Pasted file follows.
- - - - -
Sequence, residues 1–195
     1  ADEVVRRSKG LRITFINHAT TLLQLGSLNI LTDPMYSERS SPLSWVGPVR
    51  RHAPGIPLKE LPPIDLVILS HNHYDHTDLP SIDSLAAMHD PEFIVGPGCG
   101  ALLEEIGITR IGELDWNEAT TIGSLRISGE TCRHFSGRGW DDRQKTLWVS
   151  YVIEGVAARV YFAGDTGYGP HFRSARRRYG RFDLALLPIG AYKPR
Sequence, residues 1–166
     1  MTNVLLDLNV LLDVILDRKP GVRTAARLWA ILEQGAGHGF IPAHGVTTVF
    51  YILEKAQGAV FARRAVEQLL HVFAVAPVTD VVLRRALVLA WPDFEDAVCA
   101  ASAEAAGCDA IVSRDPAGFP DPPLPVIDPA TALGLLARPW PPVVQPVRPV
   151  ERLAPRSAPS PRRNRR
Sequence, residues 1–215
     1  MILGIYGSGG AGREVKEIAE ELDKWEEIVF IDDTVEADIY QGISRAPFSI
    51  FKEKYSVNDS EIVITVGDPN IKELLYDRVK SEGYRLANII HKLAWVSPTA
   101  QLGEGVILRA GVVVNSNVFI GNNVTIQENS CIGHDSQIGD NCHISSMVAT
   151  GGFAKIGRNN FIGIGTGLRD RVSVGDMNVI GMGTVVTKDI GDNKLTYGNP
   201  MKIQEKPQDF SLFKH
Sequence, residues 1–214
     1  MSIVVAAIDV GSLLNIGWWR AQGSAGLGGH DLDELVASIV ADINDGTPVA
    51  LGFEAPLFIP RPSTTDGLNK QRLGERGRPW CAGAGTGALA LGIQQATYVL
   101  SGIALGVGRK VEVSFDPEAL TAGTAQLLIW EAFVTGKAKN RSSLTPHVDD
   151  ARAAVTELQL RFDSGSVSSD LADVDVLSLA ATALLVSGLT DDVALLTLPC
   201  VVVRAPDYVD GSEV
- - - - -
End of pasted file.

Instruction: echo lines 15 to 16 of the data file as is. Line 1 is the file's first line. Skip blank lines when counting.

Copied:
   151  GGFAKIGRNN FIGIGTGLRD RVSVGDMNVI GMGTVVTKDI GDNKLTYGNP
   201  MKIQEKPQDF SLFKH